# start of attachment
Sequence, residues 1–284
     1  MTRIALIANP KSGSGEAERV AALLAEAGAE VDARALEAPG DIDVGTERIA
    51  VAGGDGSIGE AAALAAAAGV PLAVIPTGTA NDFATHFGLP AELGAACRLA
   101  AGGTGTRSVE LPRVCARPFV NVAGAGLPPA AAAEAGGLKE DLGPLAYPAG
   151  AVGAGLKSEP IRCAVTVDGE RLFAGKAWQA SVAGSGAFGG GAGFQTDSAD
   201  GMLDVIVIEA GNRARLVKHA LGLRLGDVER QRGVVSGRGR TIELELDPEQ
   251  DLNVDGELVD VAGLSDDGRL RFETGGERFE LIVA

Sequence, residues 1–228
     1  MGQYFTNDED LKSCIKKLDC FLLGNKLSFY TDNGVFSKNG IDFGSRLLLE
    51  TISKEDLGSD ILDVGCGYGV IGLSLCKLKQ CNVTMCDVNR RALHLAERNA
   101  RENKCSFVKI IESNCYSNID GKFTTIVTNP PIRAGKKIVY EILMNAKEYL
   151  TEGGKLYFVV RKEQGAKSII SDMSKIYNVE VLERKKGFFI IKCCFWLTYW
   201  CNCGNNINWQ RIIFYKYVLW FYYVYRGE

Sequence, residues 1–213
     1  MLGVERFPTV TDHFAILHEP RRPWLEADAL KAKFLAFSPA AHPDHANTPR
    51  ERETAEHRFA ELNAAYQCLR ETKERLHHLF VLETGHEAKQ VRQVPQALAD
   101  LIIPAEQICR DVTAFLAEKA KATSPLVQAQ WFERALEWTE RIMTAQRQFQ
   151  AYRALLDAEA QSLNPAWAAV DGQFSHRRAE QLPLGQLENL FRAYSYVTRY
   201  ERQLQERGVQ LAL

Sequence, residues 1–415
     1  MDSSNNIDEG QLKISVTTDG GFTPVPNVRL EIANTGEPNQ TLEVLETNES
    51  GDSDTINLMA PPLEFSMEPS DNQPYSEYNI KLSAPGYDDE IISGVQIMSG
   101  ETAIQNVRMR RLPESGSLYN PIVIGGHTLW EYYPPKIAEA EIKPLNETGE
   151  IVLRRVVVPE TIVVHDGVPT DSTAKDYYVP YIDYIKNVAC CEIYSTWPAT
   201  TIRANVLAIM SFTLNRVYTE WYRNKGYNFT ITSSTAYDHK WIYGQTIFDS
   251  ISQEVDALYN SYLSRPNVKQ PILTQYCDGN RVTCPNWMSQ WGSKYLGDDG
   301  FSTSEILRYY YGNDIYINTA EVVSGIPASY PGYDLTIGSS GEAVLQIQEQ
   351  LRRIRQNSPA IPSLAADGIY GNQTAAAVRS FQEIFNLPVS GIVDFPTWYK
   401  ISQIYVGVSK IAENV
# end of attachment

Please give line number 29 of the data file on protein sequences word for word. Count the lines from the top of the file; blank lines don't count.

   401  ISQIYVGVSK IAENV